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The Connection between Interstitial Cystitis and Fibromyalgia

There are many medical conditions that can occur with Fibromyalgia Syndrome (FMS). One that you need to be aware of is Interstitial Cystitis (IC). It is a chronic inflammation of the bladder that can be very debilitating for some. It occurs primarily in women, although it also can occur in men. The most common presenting symptoms of this condition include severe pelvic pain and intense burning with urination. In fact, the most common description of this syndrome is that it feels like a “urinary tract infection (UTI) that never goes away.”

A person who has IC has likely been seen by more than one healthcare professional. When their urine is checked, there is no evidence of a urinary tract infection, however, the urinary symptoms persist, and there is little or no relief from prescription antibiotics. Note that while IC can occur on its own, there is a strong connection with Fibromyalgia. In some, the symptoms of IC can precede the development of fibromyalgia symptoms.

Too many women and men are not aware of this condition, and some health professionals may not be aware either. It is important that to find a healthcare professional that recognizes the symptoms and diagnosis, and is willing to work with you to alleviate the symptoms.

Here are ideas for dealing with Interstitial Cystitis naturally.

  • IC is very much associated with certain “trigger foods” or food sensitivities that can worsen urinary symptoms. In some cases, these foods can also be a stimulus for worsening fibromyalgia symptoms as well. Common trigger foods are those that are more “acidic” that can irritate the bladder lining. These include tomatoes, citrus fruits, caffeinated beverages and Vitamin C (also known as ascorbic acid).
  • It is important to keep well hydrated with this condition.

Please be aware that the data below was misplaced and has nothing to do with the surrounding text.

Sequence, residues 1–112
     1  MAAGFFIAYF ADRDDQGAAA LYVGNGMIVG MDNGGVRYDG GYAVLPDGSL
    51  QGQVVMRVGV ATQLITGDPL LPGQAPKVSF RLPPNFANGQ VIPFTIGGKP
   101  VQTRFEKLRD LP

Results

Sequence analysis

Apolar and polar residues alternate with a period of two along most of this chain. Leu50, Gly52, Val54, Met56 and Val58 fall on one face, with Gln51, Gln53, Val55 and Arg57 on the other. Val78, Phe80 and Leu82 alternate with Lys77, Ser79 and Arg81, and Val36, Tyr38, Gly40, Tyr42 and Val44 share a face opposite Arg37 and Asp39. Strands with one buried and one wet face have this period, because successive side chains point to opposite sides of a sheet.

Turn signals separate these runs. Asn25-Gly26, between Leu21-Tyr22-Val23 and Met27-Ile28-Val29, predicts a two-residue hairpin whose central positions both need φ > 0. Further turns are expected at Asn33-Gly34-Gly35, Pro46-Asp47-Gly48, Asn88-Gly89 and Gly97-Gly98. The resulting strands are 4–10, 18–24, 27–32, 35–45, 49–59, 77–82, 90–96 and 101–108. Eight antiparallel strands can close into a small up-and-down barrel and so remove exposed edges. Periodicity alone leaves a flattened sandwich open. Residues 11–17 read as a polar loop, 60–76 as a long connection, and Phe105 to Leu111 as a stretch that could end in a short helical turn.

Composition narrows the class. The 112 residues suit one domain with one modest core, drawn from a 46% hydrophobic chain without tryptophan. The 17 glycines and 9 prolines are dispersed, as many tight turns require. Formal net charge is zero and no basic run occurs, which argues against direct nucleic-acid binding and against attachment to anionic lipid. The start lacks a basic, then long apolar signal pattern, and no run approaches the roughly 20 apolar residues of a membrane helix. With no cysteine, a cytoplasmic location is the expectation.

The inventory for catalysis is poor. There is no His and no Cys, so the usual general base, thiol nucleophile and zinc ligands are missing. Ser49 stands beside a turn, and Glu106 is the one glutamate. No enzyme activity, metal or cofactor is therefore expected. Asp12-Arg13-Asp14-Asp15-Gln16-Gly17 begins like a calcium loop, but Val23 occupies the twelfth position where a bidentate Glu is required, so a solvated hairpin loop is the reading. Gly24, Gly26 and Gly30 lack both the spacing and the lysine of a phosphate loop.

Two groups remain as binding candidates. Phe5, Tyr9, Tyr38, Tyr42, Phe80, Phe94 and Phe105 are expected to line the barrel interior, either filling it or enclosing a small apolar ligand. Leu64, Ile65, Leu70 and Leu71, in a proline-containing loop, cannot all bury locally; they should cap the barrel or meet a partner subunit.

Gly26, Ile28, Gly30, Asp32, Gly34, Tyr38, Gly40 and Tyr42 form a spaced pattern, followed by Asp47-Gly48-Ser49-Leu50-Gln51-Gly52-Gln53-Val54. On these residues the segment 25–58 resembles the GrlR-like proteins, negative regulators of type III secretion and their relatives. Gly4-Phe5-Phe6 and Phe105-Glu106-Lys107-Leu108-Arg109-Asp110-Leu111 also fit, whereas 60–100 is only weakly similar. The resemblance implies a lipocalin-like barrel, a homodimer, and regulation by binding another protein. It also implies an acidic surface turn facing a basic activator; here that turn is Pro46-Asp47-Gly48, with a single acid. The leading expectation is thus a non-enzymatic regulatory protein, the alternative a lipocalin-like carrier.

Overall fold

• Altered bowel flora can also adversely affect the health of the bladder. Begin taking a probiotic daily.
  • Begin using herbs such as Ashwagandha (Withania somnifera) which not only can help with urinary symptoms, but also improve energy and mood and relieve stress from Fibromyalgia as well.
  • The antioxidant Quercetin has also been shown in a few studies to decrease bladder inflammation and pain symptoms associated with IC. Start at 400 mg a day. Quercetin can also help with Fibromyalgia symptoms as well.

Written by Rich Snyder, DO
Updated: April 2020


  • Bassaly R, Downes K et al. “Dietary consumption triggers in interstitial cystitis/bladder pain syndrome patients.” Female Pelvic Medicine and Reconstructive Surgery. 2011 Jan;17(1):36-9.
  • Clemens JQ, Elliott MN et al. “Temporal ordering of interstitial cystitis/bladder pain syndrome and non-bladder conditions.” Journal of Urology. 2012 Dec;80(6):1227-31.
  • Katske F, Shoskes DA et al. “Treatment of interstitial cystitis with a quercetin supplement.” Techniques in Urology. 2001 Mar;7(1):44-6.
  • Nickel JC, Tripp DA et al. “Interstitial cystitis/painful bladder syndrome and associated medical conditions with an emphasis on irritable bowel syndrome, fibromyalgia and chronic fatigue syndrome.” Journal of Urology. 2010 Oct;184(4):1358-63.
  • Theoharides, TC, Kempurak D et al. “Treatment of refractory interstitial cystitis/painful bladder syndrome with CystoProtek–an oral multi-agent natural supplement.” Canadian Journal of Urology. 2008 Dec;15(6):4410-4.


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